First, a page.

The root cause of failure stems from misconceptions around product-market fit
Hi, I’m Ann.
I was one of the first investors in Lyft, Refinery29 and Xamarin. I’ve been on the Midas List for the past three years and was recently named on The New York Times’ list of The Top 20 Venture Capitalists. In 2008, I co-founded Floodgate, one of the first seed-stage VC funds in Silicon Valley. Unlike most funds, we invest exclusively in seed, making us experts in finding product-market fit and building a minimum viable company. Seed is fundamentally different from later stages, so we’ve made it more than a specialty: It’s all we do. Each of our partners sees thousands of companies every year before electing to invest in only the top three or four.
For the past 11 years, I’ve invested at the inception phase of startups. We’ve seen startups go wildly right (Lyft, Refinery29, Twitch, Xamarin) and wildly wrong. When I reflect on the failures, the root cause inevitably stems from misconceptions around the nature of product-market fit.
True product-market fit is a minimum viable company
Before attempting to scale your minimum viable product, you should focus on cultivating your minimum viable company. Nail down your value proposition, find your place in the broader ecosystem and craft a business model that adds up. In other words, true product-market fit is actually the magical moment when three elements click together:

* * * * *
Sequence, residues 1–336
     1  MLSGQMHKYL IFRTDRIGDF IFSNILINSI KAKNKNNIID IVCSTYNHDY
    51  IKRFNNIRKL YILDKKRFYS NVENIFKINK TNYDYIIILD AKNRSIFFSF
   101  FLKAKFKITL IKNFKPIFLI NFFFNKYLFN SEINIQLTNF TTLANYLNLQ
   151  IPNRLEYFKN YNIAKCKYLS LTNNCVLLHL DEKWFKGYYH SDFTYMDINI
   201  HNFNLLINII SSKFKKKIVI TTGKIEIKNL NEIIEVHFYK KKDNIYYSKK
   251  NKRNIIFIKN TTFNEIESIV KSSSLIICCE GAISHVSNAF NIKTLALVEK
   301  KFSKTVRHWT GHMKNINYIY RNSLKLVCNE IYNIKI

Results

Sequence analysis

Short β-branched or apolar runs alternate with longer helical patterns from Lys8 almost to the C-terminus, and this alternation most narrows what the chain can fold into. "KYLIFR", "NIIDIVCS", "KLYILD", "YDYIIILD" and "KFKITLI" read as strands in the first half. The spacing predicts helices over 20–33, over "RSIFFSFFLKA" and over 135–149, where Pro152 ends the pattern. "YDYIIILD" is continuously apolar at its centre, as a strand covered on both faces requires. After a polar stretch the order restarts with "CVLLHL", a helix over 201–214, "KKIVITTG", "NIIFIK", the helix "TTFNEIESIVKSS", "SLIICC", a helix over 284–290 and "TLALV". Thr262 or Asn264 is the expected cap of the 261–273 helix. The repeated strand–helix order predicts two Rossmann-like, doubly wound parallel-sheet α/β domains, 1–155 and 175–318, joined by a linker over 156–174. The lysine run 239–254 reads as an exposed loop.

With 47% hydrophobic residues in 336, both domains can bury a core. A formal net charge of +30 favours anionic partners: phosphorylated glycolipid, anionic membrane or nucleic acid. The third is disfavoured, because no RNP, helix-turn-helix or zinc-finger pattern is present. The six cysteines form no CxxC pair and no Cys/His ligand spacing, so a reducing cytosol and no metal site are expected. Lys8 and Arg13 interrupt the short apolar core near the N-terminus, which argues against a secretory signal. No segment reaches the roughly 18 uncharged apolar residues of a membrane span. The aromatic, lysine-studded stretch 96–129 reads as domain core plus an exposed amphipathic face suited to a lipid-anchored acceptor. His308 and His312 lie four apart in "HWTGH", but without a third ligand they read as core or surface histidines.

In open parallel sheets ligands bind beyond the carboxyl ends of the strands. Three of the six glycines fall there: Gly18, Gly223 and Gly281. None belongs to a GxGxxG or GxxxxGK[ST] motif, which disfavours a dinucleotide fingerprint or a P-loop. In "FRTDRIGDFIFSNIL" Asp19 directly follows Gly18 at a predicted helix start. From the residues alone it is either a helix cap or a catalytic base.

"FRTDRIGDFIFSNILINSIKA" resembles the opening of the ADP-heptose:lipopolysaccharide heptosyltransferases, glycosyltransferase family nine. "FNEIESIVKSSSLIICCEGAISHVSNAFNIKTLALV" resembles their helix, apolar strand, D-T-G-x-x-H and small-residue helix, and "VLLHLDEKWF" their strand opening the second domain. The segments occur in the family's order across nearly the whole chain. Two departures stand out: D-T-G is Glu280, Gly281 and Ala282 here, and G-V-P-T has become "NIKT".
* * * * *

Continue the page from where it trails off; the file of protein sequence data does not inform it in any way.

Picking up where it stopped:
To have built a minimum viable company, these three elements must work in concert together:
- People must value your product enough to be willing to pay for it. This value also determines how you package your product to the world (freemium versus free to pay versus enterprise sales).
- Your business model and pricing must fit your ecosystem. They must also generate enough sales volume and revenue to sustain your business.
- Your product’s value must satisfy the needs of the ecosystem and the ecosystem needs to accept your product.
Many entrepreneurs conceptualize product-market fit as the point where some subset of customers love their product’s features. This conceptualization is dangerous. Many failing companies have features that customers loved. Some even have multiple beloved features! Great features constitute only one-half of one-third of the whole puzzle. To have created a minimum viable company, a company needs all three of these elements — value propositions, business model and ecosystem — working in concert.
So founders take heed…
Moving into “growth mode” while missing any of these elements is building your company on an unsound foundation.
Founders who tune out the latest tweet cycle on “the secrets to raising Series A” and focus instead on the intricacies of their own business will find that product-market fit is a predictable, achievable phenomenon. On the other hand, founders who prematurely focus on growth without knowing the basic ingredients of their minimum viable company often fuel an addictive and destructive cycle around their business’ fake growth, acquiring non-optimal users that contribute to their company’s destruction.
Read an extended version of this article on Extra Crunch.